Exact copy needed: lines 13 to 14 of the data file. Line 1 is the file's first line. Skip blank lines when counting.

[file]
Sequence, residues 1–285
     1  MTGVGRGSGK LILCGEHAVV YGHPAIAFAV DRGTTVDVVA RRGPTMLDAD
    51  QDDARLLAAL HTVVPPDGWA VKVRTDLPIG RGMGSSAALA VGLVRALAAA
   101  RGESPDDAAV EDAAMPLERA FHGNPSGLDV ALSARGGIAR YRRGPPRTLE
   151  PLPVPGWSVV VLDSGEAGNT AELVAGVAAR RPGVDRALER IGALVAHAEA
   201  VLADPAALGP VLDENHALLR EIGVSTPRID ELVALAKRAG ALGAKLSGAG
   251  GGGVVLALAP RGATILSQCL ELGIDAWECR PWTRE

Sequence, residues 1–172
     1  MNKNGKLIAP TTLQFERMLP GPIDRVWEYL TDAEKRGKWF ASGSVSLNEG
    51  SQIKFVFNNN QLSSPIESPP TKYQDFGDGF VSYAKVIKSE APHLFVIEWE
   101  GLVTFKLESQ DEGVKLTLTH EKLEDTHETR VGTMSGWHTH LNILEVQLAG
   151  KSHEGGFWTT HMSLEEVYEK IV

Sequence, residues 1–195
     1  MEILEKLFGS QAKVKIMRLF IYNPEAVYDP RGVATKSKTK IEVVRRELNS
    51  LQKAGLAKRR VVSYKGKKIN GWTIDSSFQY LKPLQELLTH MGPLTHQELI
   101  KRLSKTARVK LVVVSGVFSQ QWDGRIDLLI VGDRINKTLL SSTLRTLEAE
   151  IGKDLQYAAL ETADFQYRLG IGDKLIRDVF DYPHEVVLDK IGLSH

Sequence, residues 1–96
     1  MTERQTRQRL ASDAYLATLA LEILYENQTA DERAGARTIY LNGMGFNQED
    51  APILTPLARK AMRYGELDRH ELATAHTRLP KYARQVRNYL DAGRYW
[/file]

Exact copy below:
Sequence, residues 1–195
     1  MEILEKLFGS QAKVKIMRLF IYNPEAVYDP RGVATKSKTK IEVVRRELNS